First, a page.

As I mentioned in my 2022 year in review, I’ve developed a new habit over the past year as part of my creative practice—something I call a “field day.” Ideally at least twice a month or so, I’ll get out of the house for the day and absorb things in the outside world. It most often takes the form of visiting museums, galleries, and cinemas, but virtually any activity qualifies, as long as I’m out of the house and closely observing my surroundings. In January, my first two field days of 2023 consisted of Modigliani Up Close at the Barnes Foundation and Matisse in the 1930s at the Philadelphia Museum of Art.
I’m aiming to do a better job of documenting my field days, starting with my visit to New York City last Friday, where I took in numerous art exhibitions across several museums and galleries.
Pace Gallery— I wasn’t previously familiar with Tara Donovan, but the online images from this show made me a fan instantly. A sculptor known for transcending the mundanity of the everyday objects she uses for materials, this time around she’s worked mesmerizing patterns into aluminum insect screens, ranging from one to four square feet.
In a book of her previous work, I was especially taken by her series of structures made from clear plastic tubing. The way they interact with the light to obfuscate their own contours and create unexpected tonal gradations is a wonderful example of minimalism’s capacity for quiet spectacle.
Jack Shainman Gallery— Masterful color work whose composition and craft is very relevant to the hard-edge abstraction I plan to explore in my own work this year. It was great to see these paintings up close for their scale, level of geometric precision, mechanically flat application of acrylic, and subtle bits of wood grain and other textures.
Whitney Museum of American Art— I’ve absorbed plenty of Hopper’s work through general osmosis, but this show was maybe the first time I’ve really dug in and paid close attention.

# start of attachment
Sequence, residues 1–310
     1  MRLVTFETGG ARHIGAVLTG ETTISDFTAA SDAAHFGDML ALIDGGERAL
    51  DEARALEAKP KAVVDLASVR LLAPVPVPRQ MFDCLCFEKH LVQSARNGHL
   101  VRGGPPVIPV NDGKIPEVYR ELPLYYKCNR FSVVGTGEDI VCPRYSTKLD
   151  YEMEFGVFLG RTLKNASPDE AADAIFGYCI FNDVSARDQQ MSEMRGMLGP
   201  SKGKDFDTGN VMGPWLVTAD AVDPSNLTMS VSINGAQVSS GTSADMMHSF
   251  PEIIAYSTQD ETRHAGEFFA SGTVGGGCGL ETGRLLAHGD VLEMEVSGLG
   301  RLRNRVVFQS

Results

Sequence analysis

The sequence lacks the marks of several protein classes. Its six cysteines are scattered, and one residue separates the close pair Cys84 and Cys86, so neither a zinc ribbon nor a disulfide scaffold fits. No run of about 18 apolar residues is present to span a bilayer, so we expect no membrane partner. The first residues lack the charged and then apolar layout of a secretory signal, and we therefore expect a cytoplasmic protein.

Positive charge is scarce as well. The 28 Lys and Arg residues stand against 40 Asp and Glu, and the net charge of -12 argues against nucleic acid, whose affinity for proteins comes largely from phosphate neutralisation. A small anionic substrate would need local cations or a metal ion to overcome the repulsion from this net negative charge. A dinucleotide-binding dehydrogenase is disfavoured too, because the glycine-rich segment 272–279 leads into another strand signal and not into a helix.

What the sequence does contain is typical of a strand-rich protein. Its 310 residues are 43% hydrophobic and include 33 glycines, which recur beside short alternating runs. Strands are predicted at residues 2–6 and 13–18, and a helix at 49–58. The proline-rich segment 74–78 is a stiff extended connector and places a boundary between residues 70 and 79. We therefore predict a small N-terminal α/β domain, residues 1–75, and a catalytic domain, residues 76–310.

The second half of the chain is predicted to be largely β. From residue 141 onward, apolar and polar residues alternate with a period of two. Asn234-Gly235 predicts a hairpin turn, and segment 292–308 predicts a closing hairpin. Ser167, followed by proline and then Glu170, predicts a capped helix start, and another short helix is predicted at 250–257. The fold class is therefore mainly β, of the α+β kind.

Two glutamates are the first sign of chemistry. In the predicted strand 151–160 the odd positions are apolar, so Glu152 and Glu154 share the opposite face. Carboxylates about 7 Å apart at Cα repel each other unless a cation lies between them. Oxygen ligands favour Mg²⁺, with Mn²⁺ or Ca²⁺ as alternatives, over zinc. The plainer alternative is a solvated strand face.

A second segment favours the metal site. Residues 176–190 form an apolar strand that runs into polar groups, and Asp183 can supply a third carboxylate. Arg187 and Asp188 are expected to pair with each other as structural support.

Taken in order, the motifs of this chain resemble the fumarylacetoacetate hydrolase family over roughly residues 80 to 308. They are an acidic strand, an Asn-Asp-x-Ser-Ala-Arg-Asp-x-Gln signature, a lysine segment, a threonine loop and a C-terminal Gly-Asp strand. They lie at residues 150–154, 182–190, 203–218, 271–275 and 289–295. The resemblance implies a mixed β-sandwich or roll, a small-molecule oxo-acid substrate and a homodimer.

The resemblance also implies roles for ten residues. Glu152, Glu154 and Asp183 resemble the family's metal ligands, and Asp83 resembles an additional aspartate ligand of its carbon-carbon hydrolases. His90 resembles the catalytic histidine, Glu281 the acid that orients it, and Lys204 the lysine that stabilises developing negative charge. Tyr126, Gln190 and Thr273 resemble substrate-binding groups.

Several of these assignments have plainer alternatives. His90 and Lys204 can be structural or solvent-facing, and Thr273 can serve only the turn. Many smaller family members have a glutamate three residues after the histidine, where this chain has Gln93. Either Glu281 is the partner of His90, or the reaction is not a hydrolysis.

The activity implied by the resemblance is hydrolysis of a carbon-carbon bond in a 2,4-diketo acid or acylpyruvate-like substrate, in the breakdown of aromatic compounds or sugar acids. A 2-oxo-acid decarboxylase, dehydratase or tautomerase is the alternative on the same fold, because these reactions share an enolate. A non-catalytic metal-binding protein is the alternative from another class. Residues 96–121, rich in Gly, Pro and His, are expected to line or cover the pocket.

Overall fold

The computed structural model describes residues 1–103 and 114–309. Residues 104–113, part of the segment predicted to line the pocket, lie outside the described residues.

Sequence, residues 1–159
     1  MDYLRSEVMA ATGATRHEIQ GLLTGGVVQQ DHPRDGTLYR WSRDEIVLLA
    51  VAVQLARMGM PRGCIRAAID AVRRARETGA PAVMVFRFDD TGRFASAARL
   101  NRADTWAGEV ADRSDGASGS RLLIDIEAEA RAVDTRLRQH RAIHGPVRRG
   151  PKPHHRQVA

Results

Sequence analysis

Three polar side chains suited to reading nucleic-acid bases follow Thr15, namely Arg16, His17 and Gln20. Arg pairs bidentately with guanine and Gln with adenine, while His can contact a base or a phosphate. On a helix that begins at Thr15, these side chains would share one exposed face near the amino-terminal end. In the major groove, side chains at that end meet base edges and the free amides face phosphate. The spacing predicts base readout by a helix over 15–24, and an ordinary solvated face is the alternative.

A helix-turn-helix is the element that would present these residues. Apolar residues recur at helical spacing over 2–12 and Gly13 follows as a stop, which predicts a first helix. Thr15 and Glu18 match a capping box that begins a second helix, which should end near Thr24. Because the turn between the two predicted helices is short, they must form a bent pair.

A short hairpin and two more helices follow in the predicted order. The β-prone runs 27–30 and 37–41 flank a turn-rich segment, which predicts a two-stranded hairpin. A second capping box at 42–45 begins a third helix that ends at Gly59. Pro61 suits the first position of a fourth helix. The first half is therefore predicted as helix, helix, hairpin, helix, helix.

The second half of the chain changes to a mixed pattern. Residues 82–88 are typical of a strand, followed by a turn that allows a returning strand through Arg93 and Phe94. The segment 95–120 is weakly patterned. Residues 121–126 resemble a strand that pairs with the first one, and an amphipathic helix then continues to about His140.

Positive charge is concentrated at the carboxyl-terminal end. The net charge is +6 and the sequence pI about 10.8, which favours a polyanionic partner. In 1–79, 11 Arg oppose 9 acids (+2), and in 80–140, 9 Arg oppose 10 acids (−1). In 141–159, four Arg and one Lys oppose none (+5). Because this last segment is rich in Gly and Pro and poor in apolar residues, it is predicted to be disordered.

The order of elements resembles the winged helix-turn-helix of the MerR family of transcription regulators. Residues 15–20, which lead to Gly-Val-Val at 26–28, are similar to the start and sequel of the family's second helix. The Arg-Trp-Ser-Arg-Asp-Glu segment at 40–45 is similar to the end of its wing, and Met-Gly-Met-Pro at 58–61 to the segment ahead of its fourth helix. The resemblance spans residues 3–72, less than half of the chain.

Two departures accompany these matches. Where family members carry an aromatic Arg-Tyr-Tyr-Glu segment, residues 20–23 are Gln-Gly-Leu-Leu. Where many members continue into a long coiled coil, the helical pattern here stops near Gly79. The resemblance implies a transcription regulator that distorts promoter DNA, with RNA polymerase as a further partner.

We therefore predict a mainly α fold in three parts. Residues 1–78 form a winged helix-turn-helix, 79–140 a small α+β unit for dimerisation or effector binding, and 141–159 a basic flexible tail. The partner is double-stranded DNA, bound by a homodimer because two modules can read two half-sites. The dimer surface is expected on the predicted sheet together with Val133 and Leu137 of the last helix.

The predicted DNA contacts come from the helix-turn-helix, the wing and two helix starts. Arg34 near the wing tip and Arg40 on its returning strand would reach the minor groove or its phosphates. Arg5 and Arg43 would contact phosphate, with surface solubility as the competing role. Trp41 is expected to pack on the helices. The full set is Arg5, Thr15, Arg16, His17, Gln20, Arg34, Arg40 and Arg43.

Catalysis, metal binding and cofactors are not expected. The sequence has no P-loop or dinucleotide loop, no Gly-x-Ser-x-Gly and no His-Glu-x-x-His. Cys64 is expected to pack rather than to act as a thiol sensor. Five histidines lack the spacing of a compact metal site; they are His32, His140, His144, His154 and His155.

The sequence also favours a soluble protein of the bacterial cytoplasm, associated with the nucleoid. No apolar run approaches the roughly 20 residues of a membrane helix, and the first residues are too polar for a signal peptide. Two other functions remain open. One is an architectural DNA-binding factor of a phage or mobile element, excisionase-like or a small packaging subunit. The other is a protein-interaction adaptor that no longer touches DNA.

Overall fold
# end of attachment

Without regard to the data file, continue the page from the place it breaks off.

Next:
- He has so many more colors in play than immediately meets the eye.
- As a former New Yorker returning as a tourist, I found a new personal resonance with Hopper’s paradoxical depictions of human isolation in a populous, bustling metropolis.
- I like how his jarring juxtapositions of people and blocky architecture and design (“Office in a Small City,” “Chair Car,” “New York Office”) seem to signal a deep skepticism of modernity.
- Many of his figures have a beady-eyed anonymity that ironically reminds me of Modigliani’s portraits, which are often of very specific people.
- As much as I’m focusing less on commercial art these days, I couldn’t help but be drawn to his beautiful early-career trade magazine covers.
- As a meticulous self-cataloger, I was happy to see Edward and Jo Hopper’s collection of hundreds of theater ticket stubs on display.
Museum of Modern Art— Guillermo del Toro’s fantastical filmic sensibilities generally don’t speak to me, and while I was disappointed that his recent reimagining of Pinocchio couldn’t hold my attention, there’s no denying that its craft is exquisite. As a stop-motion junkie, there was no way I was going to pass up an opportunity to see the sets, puppets, props, and other production materials in person, and they didn’t disappoint.
Guggenheim Museum— Given his long (ongoing) career and the famous company he kept (Robert Rauschenberg, Jasper Johns), I’m not sure how I haven’t come across Alex Katz before. This exhibition was massive, chronological, and consisted mostly of portraiture, and I tended to prefer his less-detailed earlier work.
Guggenheim Museum— Both aesthetically and thematically, the work of Nick Cave (not to be confused with the musician of the same name) is extremely dense, and coming at the end of a packed day, I couldn’t summon much more than a cursory engagement. But this isn’t the first time I’ve encountered him (that would be at Mass MoCA a few years ago), and I’m sure it won’t be the last.